Arthur C. Clarke on Distributed Work

I saw the new Steve Jobs movie a few days ago, which I enjoyed as a movie even though the main elements were fiction and it should have been titled something else.

But they had an awesome video interview with the amazing Arthur C. Clarke in 1974, which I’ve embedded above, where he said the following right around 0:56.

Interviewer: I wonder though, what sort of a life will it be in social terms if our whole life is built around the computer, if we become a computer-dependent society, computer-dependent individuals.

ACC: In some ways, but they’ll also enrich our society because it’ll make it possible for us to live anywhere we like. Any businessman, any executive could live almost anywhere on earth and still do his business through a device like this, and this is a wonderful thing, it means we won’t have to be stuck in cities, we can live out in the country or wherever we please, and still carry on complete interaction with human beings, as well as with other computers.

Wow, extremely prescient. Remember, this was 1974! The dominant technology companies of today still follow the same office-centric model as when computers took up entire rooms, but the dominant companies of tomorrow will be built and grow in a completely distributed fashion. (And of course, we’re hiring.)

See also, from 2012: Automattic, Forbes, and the Future of Work.

2 thoughts on “Arthur C. Clarke on Distributed Work

  1. Arthur C. Clarke was an amazing visionary and science function writer. For an example of a business person who actually put those kinds of visions into practice in the 1970s and earlier (like with the PLATO computer system starting in the 1960s), look at William C. Norris, the CEO of Control Data Corporation. Norris was a pioneer in creating a “socially responsible” business, building a big company that still tried to help employees be healthy and happy, and emphasizing public/private partnerships to “meet society’s unmet needs”. When other companies fled the inner cities in the lat 1960s with inner-city riots, he asked himself, how can my business help poor people via “social entrepreneurship”?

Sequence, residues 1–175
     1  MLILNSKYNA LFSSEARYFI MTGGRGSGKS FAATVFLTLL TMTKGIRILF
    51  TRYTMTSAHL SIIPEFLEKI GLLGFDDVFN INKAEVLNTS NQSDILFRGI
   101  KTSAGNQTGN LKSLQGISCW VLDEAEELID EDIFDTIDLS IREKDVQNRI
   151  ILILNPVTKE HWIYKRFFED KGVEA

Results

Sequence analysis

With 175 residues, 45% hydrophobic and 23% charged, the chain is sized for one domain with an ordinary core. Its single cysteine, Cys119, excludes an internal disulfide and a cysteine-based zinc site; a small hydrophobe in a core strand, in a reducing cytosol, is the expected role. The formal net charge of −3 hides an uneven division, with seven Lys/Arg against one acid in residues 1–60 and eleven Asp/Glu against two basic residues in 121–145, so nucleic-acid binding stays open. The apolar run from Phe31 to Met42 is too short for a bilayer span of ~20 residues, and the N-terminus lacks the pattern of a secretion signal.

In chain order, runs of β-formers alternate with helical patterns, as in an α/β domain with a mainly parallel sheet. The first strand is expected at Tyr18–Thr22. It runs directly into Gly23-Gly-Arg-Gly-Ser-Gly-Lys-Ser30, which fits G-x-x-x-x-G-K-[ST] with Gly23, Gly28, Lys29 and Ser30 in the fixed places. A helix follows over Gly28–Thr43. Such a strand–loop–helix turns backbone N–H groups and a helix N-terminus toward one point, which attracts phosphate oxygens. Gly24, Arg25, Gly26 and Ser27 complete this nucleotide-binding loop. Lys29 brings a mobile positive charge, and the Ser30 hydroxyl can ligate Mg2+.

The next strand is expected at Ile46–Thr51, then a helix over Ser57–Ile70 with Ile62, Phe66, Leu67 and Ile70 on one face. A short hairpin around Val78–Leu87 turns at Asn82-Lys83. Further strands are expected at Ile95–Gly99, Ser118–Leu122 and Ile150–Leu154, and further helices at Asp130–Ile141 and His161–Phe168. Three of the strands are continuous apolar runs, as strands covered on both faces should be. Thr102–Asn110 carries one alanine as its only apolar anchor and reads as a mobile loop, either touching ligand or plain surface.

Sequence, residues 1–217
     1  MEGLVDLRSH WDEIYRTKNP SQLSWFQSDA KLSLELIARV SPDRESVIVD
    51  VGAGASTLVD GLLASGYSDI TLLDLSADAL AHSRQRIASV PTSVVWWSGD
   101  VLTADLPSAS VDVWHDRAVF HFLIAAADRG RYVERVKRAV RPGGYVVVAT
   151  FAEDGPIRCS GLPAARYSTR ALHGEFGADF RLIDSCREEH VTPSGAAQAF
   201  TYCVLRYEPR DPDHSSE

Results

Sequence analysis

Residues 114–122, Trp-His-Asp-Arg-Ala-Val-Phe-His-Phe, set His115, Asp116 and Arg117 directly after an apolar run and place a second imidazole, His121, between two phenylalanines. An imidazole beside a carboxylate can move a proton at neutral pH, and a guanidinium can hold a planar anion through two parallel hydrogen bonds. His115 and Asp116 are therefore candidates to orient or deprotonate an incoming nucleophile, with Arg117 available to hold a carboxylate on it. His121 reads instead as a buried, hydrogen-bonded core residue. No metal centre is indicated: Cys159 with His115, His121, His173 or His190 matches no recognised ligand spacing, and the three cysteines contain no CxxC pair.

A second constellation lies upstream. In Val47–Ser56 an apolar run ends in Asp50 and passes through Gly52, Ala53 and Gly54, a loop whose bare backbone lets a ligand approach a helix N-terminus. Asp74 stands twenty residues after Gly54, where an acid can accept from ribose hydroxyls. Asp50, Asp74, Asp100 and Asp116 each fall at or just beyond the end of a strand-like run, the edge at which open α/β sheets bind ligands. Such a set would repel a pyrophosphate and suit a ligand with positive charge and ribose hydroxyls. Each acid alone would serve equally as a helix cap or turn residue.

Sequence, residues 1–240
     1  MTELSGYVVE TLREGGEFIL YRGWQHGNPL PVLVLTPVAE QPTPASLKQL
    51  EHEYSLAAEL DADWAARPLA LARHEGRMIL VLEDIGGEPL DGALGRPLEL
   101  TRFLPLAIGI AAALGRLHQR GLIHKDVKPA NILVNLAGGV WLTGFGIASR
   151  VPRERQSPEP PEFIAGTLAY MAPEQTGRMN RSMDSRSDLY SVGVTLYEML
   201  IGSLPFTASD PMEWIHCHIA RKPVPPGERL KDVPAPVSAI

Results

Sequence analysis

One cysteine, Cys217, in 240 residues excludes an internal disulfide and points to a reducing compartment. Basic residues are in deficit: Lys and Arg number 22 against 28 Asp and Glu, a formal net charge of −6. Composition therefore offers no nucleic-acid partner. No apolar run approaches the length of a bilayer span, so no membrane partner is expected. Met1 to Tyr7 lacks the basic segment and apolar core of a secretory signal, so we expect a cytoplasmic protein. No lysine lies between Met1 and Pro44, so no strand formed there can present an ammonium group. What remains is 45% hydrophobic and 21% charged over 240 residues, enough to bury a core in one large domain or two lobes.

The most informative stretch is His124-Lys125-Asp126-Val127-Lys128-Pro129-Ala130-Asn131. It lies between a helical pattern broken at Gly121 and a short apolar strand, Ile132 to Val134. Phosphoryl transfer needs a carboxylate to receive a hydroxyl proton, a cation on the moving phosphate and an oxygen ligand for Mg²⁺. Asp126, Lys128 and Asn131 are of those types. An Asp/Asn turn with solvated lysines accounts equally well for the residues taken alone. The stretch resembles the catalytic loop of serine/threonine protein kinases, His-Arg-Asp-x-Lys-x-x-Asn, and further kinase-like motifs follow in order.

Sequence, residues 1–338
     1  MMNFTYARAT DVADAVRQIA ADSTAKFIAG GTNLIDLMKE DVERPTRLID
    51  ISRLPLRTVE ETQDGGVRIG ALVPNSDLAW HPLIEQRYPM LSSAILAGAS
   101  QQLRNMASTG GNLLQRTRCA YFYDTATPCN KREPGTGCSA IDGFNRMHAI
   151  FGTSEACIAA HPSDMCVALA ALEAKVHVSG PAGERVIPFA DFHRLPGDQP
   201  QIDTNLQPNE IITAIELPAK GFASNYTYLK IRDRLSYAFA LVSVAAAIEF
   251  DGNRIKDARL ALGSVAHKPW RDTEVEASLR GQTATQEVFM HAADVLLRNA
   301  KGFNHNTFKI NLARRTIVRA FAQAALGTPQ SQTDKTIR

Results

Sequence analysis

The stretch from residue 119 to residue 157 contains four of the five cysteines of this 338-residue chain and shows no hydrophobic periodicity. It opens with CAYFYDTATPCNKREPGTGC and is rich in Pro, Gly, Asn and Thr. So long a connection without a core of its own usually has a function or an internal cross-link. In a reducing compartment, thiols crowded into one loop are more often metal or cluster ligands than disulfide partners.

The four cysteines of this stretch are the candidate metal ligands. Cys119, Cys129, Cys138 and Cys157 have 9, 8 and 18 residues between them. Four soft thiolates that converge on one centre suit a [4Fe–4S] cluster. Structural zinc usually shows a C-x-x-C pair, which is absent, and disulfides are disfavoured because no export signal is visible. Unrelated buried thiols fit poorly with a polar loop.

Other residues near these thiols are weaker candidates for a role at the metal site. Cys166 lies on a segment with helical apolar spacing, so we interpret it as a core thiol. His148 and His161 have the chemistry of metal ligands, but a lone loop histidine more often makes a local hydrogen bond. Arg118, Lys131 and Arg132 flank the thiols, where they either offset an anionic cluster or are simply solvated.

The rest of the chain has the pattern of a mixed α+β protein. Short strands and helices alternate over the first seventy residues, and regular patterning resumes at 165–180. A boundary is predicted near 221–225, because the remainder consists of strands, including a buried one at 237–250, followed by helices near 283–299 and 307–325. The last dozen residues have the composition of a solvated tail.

Here are some pamphlets Norris wrote in the late 1970s and early 1980s on those sorts of topics:

    See especially the pamphlet Norris wrote called “Back to the Countryside Via Technology” from 1978 which echos Clarke’s ideas from the video — among other ideas related to decentralizing farming and manufacturing as small scale local enterprises enabled by computing technology. Those themes reflect Norris’ personal roots growing up on a farm. His biography, “William C. Norris: Portrait of a Maverick”, by James C. Worthy is a good read for any CEO.

    While it is true that “software is eating the world” as Marc Andreessen says (and you quote in your “Four Freedoms” essay), the fact remains that without agriculture and manufacturing almost none of us would have anything to eat or a way to cook it. Norris knew that in personal way that many people today find easy to forget (until the food isn’t there), so he wrote about ways to support those needs for everyone everywhere with computers as an educational and networking force to support people having small businesses and small farms.